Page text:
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Can we be kinder, please?

“Turn down the mean voice. You’re not being nice, Momma.”

 

It was a Sunday. Lucas and I were enjoying a sunny afternoon lunch.

In a moment of incurable human frustration, I made a negative remark about a friend.

Lucas’ eyes narrowed, and with tiny fingers he made a twisting motion as if to hold the nob of a radio and adjust the volume accordingly.

“That was rude! Turn down the mean voice.” He giggled and again motioned to soften the volume.

I was stunned, embarrassed, humbled. I wanted to say, “Hey! That’s no way to speak to your mother.”

But he was right. I was being rude. I made an impulsive, mean comment. But I was frustrated.

My view was clouded.

 

Lucas searched my face for a reaction, as children do, and I smiled.

“Thank you, Lucas. You’re right, that was a mean thing to say about my friend. I’ll turn that mean voice down now. Thank you for reminding me to be kind.”

He went about eating his sandwich and hummed a silly song to himself.

The image of his tiny fingers quieting my meanness remained.

——-

I wonder, how many other people have allowed their mean voices to speak louder than the innate kindness that runs its course through us all?

How many times have we become frustrated and sent a nasty text message to a loved one in a fit of sadness and hurt feelings? Or rolled our eyes at the bank teller because he miscounted our money for the second time? Or yelled at the customer service representative because our impatience flooded a sense of understanding that we are just one of millions waiting to be helped? Or how about cursing the driver in front of us who cut us off in an unpleasant manner?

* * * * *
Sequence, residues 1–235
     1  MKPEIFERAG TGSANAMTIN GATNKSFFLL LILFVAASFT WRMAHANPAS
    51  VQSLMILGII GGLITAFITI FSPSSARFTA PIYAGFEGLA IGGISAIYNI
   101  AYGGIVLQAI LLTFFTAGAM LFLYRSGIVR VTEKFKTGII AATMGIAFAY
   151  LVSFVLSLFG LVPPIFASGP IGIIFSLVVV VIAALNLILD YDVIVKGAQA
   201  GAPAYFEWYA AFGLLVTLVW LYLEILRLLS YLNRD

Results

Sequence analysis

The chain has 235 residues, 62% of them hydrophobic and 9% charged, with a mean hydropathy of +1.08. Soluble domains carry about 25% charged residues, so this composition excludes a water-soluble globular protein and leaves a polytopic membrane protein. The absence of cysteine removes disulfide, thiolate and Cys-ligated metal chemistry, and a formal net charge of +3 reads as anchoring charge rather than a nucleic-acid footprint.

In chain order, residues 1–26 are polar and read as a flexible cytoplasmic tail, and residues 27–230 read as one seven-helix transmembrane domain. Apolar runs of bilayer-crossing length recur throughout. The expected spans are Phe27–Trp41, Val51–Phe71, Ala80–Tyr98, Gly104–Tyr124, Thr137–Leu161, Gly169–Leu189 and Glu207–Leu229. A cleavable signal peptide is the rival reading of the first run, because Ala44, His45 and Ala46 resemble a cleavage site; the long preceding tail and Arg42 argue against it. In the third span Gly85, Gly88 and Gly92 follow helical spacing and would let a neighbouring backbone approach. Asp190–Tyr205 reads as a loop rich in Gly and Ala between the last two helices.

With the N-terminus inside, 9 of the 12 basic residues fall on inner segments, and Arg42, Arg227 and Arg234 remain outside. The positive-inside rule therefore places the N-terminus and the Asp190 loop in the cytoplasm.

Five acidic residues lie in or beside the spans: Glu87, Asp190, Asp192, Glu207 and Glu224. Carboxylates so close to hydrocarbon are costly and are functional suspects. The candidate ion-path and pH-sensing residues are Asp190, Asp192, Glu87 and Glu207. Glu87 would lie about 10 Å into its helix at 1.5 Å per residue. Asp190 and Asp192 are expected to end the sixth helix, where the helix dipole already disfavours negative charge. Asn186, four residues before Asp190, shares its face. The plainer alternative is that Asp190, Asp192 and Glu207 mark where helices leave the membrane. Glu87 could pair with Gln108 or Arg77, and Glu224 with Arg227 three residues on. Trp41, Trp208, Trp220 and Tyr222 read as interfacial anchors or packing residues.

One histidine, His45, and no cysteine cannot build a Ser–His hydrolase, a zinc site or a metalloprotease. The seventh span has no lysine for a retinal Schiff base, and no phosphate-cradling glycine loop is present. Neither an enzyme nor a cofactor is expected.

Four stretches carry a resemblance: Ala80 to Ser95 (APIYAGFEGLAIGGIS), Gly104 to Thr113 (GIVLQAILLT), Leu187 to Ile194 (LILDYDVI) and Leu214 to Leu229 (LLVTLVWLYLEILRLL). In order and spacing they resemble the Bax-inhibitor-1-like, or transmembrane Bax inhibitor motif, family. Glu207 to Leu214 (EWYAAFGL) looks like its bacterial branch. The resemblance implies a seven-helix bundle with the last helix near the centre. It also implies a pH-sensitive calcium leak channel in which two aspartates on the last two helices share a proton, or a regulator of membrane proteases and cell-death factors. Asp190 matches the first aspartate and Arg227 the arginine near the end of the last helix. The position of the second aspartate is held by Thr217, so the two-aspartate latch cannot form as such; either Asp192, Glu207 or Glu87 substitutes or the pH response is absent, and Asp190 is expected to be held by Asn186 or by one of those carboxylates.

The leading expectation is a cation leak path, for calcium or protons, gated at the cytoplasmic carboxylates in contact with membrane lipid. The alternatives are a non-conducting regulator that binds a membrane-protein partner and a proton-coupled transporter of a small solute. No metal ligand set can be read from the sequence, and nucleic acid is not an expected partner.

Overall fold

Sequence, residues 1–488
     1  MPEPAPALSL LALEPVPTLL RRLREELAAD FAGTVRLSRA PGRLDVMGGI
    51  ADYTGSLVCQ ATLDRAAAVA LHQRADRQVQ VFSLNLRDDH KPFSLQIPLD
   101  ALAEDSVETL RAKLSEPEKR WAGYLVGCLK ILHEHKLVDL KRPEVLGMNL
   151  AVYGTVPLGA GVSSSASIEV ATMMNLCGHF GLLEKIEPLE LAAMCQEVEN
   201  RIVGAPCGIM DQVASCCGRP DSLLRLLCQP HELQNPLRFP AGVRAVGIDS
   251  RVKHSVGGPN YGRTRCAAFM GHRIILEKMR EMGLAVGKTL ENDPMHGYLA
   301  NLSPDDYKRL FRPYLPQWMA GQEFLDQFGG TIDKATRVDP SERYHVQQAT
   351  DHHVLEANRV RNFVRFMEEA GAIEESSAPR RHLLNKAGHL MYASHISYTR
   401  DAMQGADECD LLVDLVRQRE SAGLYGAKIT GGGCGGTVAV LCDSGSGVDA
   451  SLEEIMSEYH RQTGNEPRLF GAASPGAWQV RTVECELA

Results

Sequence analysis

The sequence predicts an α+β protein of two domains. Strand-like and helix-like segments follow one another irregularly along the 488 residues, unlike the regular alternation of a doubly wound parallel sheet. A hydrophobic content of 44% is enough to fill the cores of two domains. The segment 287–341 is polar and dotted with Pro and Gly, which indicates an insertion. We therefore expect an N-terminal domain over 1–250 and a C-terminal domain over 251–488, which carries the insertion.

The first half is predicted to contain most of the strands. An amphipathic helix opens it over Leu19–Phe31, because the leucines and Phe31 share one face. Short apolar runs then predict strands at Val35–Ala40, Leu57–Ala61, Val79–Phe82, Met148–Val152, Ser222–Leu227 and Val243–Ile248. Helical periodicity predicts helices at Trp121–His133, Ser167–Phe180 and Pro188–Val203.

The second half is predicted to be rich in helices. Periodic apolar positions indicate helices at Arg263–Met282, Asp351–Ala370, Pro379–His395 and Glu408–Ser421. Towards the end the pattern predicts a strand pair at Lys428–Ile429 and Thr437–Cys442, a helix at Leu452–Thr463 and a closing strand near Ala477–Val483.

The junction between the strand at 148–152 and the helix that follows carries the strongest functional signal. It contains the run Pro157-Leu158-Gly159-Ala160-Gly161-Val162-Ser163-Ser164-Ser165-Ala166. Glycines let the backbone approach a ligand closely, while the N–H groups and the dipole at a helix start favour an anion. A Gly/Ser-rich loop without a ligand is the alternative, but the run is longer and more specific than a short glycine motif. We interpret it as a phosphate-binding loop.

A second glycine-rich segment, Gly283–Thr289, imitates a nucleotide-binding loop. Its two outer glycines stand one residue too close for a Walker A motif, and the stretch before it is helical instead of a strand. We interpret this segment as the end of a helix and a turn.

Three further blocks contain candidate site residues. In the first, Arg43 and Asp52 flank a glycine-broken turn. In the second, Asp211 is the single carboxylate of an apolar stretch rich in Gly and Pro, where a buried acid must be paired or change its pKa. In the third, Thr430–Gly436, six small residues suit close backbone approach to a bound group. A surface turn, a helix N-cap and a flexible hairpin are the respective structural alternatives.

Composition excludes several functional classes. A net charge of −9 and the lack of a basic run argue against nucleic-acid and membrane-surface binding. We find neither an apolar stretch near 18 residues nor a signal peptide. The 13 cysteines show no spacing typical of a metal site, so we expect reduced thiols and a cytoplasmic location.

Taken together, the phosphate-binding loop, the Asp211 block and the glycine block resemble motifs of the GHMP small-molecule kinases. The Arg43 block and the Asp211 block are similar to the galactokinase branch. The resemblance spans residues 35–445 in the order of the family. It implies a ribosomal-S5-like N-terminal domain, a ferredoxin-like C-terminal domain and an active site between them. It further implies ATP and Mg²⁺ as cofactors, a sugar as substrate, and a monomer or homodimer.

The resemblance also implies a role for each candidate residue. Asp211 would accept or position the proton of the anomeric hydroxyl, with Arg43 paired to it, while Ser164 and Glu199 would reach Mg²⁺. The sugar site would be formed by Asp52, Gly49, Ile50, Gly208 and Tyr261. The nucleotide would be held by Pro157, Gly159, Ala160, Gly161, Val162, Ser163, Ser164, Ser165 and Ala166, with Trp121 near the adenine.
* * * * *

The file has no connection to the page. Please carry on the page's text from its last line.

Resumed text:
When did frustration and headaches replace patience and kindness?

 

The words of my favorite author and poet come to mind:

Mark Nepo says, “Underneath every headache is a heartache.”

 

There is so much value in this simple, yet deeply profound sentence. Underneath every headache we have, underneath every impulsive, mean comment or gesture that we make, underneath our impatience and misunderstanding, the innocence of our aching heart remains.

This explains why I am frustrated with my friend. She hurt me, and in the confusion of how best to express my hurt feelings, I become angry and speak ill of her.

This is an isolated incident, but this small hurt can turn into years of misunderstanding and estrangement – that is, if I choose not to properly express what is going on inside of me.

My suggestion to you, my wonderful readers, is to pay attention to how you outwardly express what is happening inside of you.

Why do you send the nasty text message?

Why do you roll your eyes at the bank teller?

Why do you yell at the customer service rep?

Why do you allow yourself to become upset with other drivers?

Only when you become aware of these ineffective, damaging habits, can you begin to address what is going on inside of you.

 

Truthfully, when I am hurting, when I feel as though no one hears what I am saying, when I feel like I’ve been wronged in some way, I become defensive, reactive, and I shut down. My hurt becomes anger, my anger becomes tears. My tears become confusion, distortion of words and phrases, a mess of emotions and fear, a chaotic swirl of truth that so desperately wants to be heard. It has taken years for me to observe these outward reactions and address the inward truths that drive my behaviors. I’m not saying this has been easy. Every day is a practice. Living continues to be a process, a challenge, a mighty work of art in the making for me.

 

To my lovely little lights, underneath our behaviors are the untouched hurts within us.

I challenge you to silence that mean voice and let the real you begin to speak.

Let’s be kinder to others — and to ourselves.

The change always begins with you.

 

Light and love,

Ki & Lucas

black and white

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